for a portable water pump, but some pumps do

not lift water at all or they do so only through an

insignificant height. Like boiler-feed pump,

forced lubrication pumps, fire fighting pumps,

booster pump etc.

A more appropriate definition would be that

Pump is a mechanical device that transfers

mechanical energy taken from some external

source to the liquid flowing through it raising its

hydraulic energy level. The prime movers can be

steam, or I.C. Engine, compressed air, electrical

motor, wind or tidal power.

Pumps are widely used for water supply,

irrigation, drainage, and water circulating

systems. Process pumps for chemical industries,

oil pumps for long pipe lines, reversible pumps

for storage schemes etc. are further examples of

their use. Requirements for each type of job

have to be designed accordingly.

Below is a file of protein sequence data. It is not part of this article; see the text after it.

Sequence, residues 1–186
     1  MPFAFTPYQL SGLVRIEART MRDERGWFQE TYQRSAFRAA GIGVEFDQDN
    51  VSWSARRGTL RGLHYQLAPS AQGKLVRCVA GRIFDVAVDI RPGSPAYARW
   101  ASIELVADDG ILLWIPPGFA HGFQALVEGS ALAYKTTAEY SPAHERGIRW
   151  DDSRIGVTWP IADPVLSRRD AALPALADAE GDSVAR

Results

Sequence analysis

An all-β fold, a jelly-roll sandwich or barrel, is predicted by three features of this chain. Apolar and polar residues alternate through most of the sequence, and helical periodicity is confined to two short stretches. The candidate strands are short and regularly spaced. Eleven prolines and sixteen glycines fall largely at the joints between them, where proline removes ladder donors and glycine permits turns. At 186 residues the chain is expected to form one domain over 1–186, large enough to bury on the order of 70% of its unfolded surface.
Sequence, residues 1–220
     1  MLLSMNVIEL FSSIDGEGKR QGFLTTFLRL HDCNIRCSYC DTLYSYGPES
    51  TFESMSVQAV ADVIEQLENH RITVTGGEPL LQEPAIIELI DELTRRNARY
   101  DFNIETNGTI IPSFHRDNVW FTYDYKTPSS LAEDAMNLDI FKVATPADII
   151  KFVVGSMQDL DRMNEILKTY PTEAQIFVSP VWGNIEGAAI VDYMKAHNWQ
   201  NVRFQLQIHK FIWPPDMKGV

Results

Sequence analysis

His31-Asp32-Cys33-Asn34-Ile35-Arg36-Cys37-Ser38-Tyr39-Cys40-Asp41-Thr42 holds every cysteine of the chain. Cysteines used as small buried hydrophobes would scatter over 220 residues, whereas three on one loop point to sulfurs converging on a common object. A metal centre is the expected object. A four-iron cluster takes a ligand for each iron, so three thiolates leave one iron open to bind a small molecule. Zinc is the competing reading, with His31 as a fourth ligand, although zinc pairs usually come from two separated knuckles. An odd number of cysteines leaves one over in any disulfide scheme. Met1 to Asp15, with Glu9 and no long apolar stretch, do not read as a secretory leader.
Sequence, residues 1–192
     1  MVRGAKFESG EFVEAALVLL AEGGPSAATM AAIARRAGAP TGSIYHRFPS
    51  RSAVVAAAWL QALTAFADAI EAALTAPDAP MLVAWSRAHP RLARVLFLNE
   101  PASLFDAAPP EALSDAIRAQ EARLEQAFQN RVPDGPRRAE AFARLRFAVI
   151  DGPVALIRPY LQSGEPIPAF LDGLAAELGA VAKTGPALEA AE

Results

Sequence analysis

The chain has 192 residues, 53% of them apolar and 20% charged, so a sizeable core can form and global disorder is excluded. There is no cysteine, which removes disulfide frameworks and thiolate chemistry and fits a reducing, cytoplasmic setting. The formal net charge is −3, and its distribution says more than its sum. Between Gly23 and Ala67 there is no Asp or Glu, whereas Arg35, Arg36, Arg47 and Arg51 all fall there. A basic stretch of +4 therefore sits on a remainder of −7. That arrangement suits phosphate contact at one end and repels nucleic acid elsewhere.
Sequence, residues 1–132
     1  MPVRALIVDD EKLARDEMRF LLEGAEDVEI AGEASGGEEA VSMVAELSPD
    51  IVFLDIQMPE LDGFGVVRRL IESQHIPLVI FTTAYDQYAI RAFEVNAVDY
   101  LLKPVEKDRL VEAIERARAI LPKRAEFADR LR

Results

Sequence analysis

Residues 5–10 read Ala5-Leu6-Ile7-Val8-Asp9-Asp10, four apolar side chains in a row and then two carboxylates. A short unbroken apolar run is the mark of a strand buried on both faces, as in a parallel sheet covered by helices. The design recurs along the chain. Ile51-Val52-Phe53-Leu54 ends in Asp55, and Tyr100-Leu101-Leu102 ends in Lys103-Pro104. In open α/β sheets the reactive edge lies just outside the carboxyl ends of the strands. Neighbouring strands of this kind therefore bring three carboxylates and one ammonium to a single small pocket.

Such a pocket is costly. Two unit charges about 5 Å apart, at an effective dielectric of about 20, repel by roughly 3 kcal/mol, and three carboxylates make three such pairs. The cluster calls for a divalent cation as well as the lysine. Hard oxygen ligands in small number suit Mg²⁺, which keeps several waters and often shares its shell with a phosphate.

Mixed flow pump

Mixed flow pumps borrow characteristics from

both radial flow and axial flow pumps. As liquid

flows through the impeller of a mixed flow

pump, the impeller blades push the liquid out

away from the pump shaft and to the pump

suction at an angle greater than 90 degrees. The

impeller of a typical mixed flow pump and the

flow through a mixed flow pump are shown in

fig 1.

Journal of Engineering Research and Studies E-ISSN 0976-7916

JERS/Vol.II/ Issue I/January-March 2011/37-48

Fig 1: Mixed flow pump impeller and line diagram

Application range of the main pumps

Radial pump is used for medium and high heads

(above 50 m). It is the conventional type of the

impeller and is used in practically all- multistage

machines.

Fig 2: Application ranges of main pumps

A-Axial flow Pumps

M-Mixed flow pumps

R- Radial flow pumps

D- Diagonal flow pumps

MS- Multi stage pumps

Range of specific speed is generally 10 to 60.

When larger volumes must be handled, double

suction impeller may be used. Francis type

impeller operates at a higher speed than the

radial pump. Specific speed is slightly higher

(30 to 90). This type of impeller may also be

made double suction. The specific speed range

of mixed flow pump is usually 90 to 150. Axial

flow pump has the highest specific speed (above

150) and is used for low heads (01 to 12m).

OVERVIEW OF PUMP IMPELLER